Creagan Beaulay was with Rad Butts when he completed the first ascent of 'Park Font', Font 9A/V17. Here Creagan describes the story behind this internationally significant achievement.
When Rad told me he'd found a 'very special' bouldering venue he'd been secretly checking out, I was more than excited. There were loads of bouldering areas where I wanted to see Rad in action – Utah, Hampi, for starters – but I imagined Rad would have crushed these places years ago. He said he was looking for the 'biggest waddage points out there.'
That sounded pretty extreme to me. Rad obviously had big things lined up, but he just wouldn't tell me where he had in mind. The deal was, he'd send me Sat-nav coordinates, but I wasn't allowed to look until I was about to leave.
I didn't even know which country I was aiming for, but Rad hadn't mentioned visas. So I grabbed my passport, my crash pad and two haul bags of essentials, and then I was off.
After an hour in the car, I drove past signs to one of the construction sites for the 2012 Olympics, thinking how I didn't recognise this as a route to any of the airports. 'After 100 metres, stop,' said the Sat-nav. I was stumped, but I pulled up and got out of the car. Rad burst out of nowhere. 'Hey!' he shouted, pointing straight ahead, 'what do you think?'
I took it all in. Plumb in the middle of a recreation ground, at the confluence of nothing with nothing, was a stone block, dwarfed by the acres of untidy grass around it. 'Know what we're looking at there?' he said. I shook my head. 'Well, that is the Mabley Green boulder.' As we walked over to take a closer look, Rad said we were in Hackney Wick, in east London.
It was humbling to think I'd never heard of the Mabley Green boulder before, and I quickly realised just how lucky I was to know Rad. Without this inside track to what's cool and what's not, I simply wouldn't be here now. I'd be in Castle Hill, or doing the Cresciano thing.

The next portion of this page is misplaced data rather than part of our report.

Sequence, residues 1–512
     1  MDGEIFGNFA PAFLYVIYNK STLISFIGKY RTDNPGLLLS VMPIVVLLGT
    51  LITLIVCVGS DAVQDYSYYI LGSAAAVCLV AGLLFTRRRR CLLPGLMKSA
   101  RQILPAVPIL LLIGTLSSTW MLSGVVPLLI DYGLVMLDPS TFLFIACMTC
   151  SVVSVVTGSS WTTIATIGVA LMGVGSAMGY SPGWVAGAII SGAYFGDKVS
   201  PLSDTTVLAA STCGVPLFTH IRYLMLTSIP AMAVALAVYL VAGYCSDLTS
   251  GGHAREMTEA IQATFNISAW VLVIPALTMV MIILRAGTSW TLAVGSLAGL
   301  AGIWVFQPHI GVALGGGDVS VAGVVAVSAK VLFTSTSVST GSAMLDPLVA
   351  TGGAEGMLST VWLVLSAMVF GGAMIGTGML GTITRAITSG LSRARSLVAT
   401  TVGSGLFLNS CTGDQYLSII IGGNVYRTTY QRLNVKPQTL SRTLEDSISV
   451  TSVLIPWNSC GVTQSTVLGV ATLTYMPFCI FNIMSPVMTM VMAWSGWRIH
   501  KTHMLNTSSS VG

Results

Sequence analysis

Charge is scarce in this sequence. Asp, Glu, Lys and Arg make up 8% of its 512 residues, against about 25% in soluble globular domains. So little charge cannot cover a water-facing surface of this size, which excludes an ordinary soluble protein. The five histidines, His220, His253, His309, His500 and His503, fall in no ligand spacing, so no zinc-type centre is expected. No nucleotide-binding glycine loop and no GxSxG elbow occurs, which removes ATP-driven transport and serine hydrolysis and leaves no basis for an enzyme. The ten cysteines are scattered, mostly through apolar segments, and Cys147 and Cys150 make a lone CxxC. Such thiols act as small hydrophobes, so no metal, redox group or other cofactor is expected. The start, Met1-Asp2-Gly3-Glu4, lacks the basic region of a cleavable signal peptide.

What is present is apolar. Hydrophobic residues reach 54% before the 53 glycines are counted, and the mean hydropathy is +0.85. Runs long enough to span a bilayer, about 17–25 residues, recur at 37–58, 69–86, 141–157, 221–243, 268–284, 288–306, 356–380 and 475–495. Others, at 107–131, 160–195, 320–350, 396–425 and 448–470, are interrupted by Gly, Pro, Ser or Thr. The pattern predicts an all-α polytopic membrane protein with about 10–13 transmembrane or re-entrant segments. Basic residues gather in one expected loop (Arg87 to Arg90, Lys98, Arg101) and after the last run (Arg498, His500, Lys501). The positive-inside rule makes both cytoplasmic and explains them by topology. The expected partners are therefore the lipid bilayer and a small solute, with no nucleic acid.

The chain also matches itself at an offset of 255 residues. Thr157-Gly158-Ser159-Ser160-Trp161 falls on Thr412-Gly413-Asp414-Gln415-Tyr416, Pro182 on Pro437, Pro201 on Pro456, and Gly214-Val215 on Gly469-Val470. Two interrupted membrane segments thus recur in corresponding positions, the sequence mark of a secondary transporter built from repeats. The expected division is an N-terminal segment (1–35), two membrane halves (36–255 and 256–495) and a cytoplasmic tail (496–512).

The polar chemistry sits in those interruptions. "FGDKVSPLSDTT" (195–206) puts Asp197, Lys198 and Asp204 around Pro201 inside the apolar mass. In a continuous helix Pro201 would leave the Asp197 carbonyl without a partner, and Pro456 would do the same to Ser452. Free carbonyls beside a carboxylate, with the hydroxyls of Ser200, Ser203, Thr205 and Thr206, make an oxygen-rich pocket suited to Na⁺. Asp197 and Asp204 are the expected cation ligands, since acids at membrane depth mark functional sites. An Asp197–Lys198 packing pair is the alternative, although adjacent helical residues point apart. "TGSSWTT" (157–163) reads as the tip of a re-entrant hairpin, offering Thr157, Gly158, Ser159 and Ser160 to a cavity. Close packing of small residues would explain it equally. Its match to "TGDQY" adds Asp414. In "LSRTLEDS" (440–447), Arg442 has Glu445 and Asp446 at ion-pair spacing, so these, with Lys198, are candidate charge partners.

Rad explained how conspiracy theorists were 'attempting to trash the credentials of this incredible stone.' He told me they were saying it had been blasted out of a quarry in Cornwall, carried here by road and mobile crane, and cemented into place just the previous summer as part of an artistic installation. 'That's just not true,' said Rad, 'this boulder was here long before dinosaurs roamed the earth. You'll see, dude, you'll see.'
Big things in surprising places
Behind the recreation ground, traffic pounded along one of the M11 approach roads, but I tuned out of the background noise and focussed on the boulder. It was about four metres high and a couple of gigantic shot-holes pierced the rock from one face to the top.
I asked Rad how the shot-holes squared with his glacier theory. 'Oh, those.' He shrugged his shoulders. 'Did you never find stones with holes in them at the sea-side when you were a kid?' I nodded. 'Same principle, just a larger species of burrowing mollusc,' said Rad.
As we walked round the boulder, I saw how the grass had been dug up and re-laid around it recently. A glass bottle-neck poked out of a gap between two turves. But my attention was in the wrong place, as I was about to discover.
Rad stopped and pointed out a desperately smooth, overhanging face, the least-weathered of the four. I couldn't see a single foothold and I couldn't see anything that you could sensibly pull on.
But Rad was used to 'seeing deeply'. And what Rad saw was a line of tenuous under-clings, a few playing-cards thick, around four to six feet off the deck. Way up higher was a crimpy side-pull, he told me, and that was about it. Rad told me this was the hardest boulder problem in the world, and he was going to be the first to climb it.
Nobody except Rad could generate a big enough force to stay on this face without using the arêtes, let alone move between the holds. But of course, Rad wasn't just anybody. And he had his own ideas about how to get into the vibe of the rock.